Sunday, January 06, 2013

More on Amateur Hour

When I say that RPGs are "amateur hour" I mean a couple of different things. On the one hand that term has a pretty negative connotation-- of unprofessional-ism, etc.-- and I very much do mean that. Not just that there's a lot of badly made, badly edited products out there (although I do mean that) but also that I see, compared to other game design communities, a lack of seriousness in a lot of the RPG design discussion that goes on in various quarters.

What's the challenge of game design? Making games that are fun. What do Magic designers talk about? What different people find fun, and why, how to make cards that appeal to those people. What do RPG designers talk about? Why my fun is better than your fun. Not all of them, mind you-- but that this conversation happens at all is a supreme waste of time.

There's another side to the "amateur" coin, though, and it's that there's a lot of RPG products and content produced by people who are doing it just because they love the game, not because they have any professional aspirations. You can do that in RPGs because the physical barriers to entry are so low, and it's a good thing-- my own RPG bookshelf certainly attests to that.

Magic has consistently higher quality than 95% of the published RPGs out there-- including and really especially the professional stuff. They have a bigger budget for everything, and they're rewarded much more for "getting it right"-- for tight design and art everywhere and good visual design and good copy-editing. People have more fun, they can measure it, they get paid.

But the most interesting stuff that Magic makes isn't near half as interesting as the most interesting stuff that's come out in RPGs-- even in just the last year. Magic doesn't do weird. They don't do specific. They do well-produced, slickly-rendered, everybody-kinda-knows fantasy with a slight Magic: the Gathering twist. This has gotten even worse in the last few years, as they've gotten more successful. One of the lessons they've said they learned from Kamigawa block, their Japanese themed world, was that they should have been less specific and less culturally accurate and stuck more to what their players "know" about Asian fantasy.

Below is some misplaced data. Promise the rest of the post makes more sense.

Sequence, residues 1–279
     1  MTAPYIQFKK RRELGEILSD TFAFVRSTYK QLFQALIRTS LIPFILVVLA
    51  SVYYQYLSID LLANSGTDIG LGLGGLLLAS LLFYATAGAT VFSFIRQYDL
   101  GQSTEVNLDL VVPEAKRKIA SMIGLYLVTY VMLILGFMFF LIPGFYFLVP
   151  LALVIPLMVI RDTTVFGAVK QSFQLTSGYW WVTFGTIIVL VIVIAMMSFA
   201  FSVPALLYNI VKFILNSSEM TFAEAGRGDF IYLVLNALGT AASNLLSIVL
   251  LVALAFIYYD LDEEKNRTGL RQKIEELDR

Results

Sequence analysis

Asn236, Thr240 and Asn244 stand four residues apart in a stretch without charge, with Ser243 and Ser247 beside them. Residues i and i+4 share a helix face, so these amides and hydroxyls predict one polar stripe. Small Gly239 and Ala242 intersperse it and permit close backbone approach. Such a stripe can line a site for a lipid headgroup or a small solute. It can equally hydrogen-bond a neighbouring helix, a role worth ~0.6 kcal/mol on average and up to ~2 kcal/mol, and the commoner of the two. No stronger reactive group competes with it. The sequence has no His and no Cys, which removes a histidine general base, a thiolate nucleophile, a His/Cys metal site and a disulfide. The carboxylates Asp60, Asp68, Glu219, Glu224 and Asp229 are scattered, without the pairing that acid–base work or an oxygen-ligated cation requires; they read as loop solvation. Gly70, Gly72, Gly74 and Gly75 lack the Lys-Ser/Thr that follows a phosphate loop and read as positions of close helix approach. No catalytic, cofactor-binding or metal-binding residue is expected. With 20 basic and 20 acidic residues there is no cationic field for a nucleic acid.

Which is fine. I enjoy what Magic does, and they do it well. But I enjoy weird and specific and particular, and it makes me sad that Magic doesn't-- can't do-- more of that. One of the advantages of RPGs relative amateur-osity, is that they can do a lot more of that.

If they can quit arguing about who's way is better long enough to just do it.

10 comments:

  1. “Why my fun is better than your fun.”

    I think that these conversations are really about trying to figure out what—if anything—are universally fun factors and which bits aren’t universal. Not that the people involved fully realize that.

    I also think that a lot of us are constantly struggling to understand what we find fun. We think we know, but we engage in these conversations because, underneath it all, we really aren’t sure.

    Or maybe I’m just an optimist trying to rationalize it. ^_^

    Not that any of that invalidates your points.

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    1. Can somebody give me a specific example of this “Why my fun is better than your fun” monologuery within RPG blogdom that is not related to an Edition Wars skirmish or a subjective conclusion based on comparison between differing mechanics?

      MTG is (and I say this without insult) designed to suit the tastes of the lowest common denominator. Same goes for nearly all other WotC products, naturally. They want to scrape in the most cash possible into the Hasbronic Corporate Machine. Most small press stuff produced by OSR peeps tends to be the opposite. Idiosyncratic, appealing to a small group of like-minded weirdos. There's very little democracy of flavor and style, and I think that's what makes these works desirable and sometimes compelling. I don't want the watered down RPG version of Japanese mythology; I want the well-researched one that has been processed by the imagination glands of some cellar-dweller recluse.

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  2. "What do Magic designers talk about? What different people find fun, and why, how to make cards that appeal to those people. What do RPG designers talk about? Why my fun is better than your fun."

    Well, that's because collectible card games and RPGs are very different things. A collectible card game is ALL about the game as a commodity. While RPGs are also commercial products, there is also a DIY/small press element, from which games are created for the love of playing the game, and the people involved in that overlap very heavily with the people making RPG material for pay. So while the makers of a CCG are trying to make something that sells (and you seen to equate sales with a measurement of fun, and making something that sells with professionalism*), something that they think that you would want to BUY, the writers of the vast majority of RPGs on the market are trying to make something that they and their gaming groups would want to PLAY.